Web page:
Today a few thoughts on presidential debates.
Why do we need to suffer the interference of celebrity moderators? By their actions they show us they feel they are the stars of the debates. Tonight! Mr. and Madame Moderator starring in the Presidential Debates. Included in the performance will be people running for the White House.
I wish we had moderators who just asked questions. And otherwise stayed the hell out of the way. Out of the discussion. Robot moderators will get my vote.
The moderators feel this way because they are stars elsewhere in TV-land. Many are news stars. Where they feel they are the prime reason viewers watch their news. Their contracts reveal this.
Have you read about their contracts? They require that their mugs are on your screen for so many minutes every newscast. Or every week. The big news may be that Siberia was wiped out in a nuclear holocaust. We all want to see the videos. No matter. The stars must be on screen for certain contracted minutes. They are nearly as important as the commercials.
The attitudes reflected in these contracts give us distorted news. And debates where moderators stick their biased noses into the discussions. Their attempts to fact-check are disgraceful.
As for the debaters, people can easily grow confused. Millions go to bed convinced Candidate A shellacked Candidate B. Commentators and analysts and columnists agree. Then the surveys come out. They show that viewers feel the very opposite. People wonder if they only dreamed they saw the debate the night before.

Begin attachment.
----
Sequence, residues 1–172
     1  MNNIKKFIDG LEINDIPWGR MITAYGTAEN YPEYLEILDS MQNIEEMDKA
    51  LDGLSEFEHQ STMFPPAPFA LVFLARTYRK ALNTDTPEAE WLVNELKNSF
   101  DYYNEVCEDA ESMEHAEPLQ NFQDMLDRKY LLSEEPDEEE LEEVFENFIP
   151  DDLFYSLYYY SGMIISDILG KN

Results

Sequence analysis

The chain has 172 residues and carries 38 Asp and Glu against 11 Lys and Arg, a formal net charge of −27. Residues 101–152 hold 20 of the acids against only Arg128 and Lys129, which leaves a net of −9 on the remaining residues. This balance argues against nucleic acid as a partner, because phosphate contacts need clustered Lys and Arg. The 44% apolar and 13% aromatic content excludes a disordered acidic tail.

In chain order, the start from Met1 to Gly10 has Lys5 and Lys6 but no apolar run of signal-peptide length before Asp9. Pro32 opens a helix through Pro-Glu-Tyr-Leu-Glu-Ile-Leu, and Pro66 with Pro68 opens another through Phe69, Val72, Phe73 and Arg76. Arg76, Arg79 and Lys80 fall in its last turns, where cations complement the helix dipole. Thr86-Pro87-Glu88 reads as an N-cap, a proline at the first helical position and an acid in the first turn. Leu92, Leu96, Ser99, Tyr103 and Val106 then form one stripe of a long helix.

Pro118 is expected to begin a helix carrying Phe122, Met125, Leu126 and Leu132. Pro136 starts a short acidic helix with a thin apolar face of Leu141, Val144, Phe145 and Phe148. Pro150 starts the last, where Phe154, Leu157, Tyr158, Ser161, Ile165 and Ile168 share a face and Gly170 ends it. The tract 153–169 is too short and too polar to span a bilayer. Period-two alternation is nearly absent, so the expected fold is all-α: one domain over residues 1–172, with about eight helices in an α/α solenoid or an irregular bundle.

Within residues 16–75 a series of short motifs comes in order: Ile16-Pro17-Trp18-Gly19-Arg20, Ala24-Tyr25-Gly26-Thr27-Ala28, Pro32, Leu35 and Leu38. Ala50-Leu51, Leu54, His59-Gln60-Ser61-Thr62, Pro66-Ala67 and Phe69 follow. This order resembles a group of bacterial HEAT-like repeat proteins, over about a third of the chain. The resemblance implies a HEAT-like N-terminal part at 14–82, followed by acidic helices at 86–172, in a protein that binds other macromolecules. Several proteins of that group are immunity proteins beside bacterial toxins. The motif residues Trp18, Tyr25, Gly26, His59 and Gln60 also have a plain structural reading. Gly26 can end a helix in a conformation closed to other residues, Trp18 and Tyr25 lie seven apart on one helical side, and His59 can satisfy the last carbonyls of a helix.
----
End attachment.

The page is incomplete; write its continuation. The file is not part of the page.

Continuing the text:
Why such variances? Methinks analysts and commentators and columnists focus on trivial things. Things like policies. And tax proposals. And candidate’s positions on the problems and crises of the moment. And their experience. Pah! Who needs to know this garbage?
The bobbing heads take careful notes of these petty things. They study replays to get their facts right.
Meanwhile, millions of viewers focus on the really important things. The vital, essential things. Such as the kind of smile a candidate flashes. Or the curl of a lip. The shifty eyes. The hairstyle. The pout. The scowl. The exaggerated laugh. The hand gestures. A look of flustration. The tanned or pasty complexion.
Without realizing it, millions react to the color of a performer’s dress or suit or tie. Colors evoke feelings in us. We are built that way.
These critical items tell us things about our candidates. Such as who can best handle the Russians. And whose policies will juice up the economy. Hey, how can we expect you to lead this nation if you have a double chin?
Meanwhile, meanwhile, the moderators smooth the wrinkles from their clothing. And fluff their coiffures. Awaiting the most important segments of the debates. That is, the moments our screens are filled with their glittering images.
Triple meanwhile, they often fail to ask questions most important to us. To whom? To us, the viewers. Happened in the last debate. Plenty of polls listed items we said were most important to us. Items like immigration. The Wall-to-be or not-to-be. Emails. Benghazi. Lies.
Virtually none of them made it to the moderator’s list. Ahh, but we did spend ten minutes on the birther issue. A subject of zero interest to most folks.
Well, it was utterly important to the moderator. That was the important thing. I can hardly wait to see what style dress our next moderator will wear.
From Tom…as in Morgan.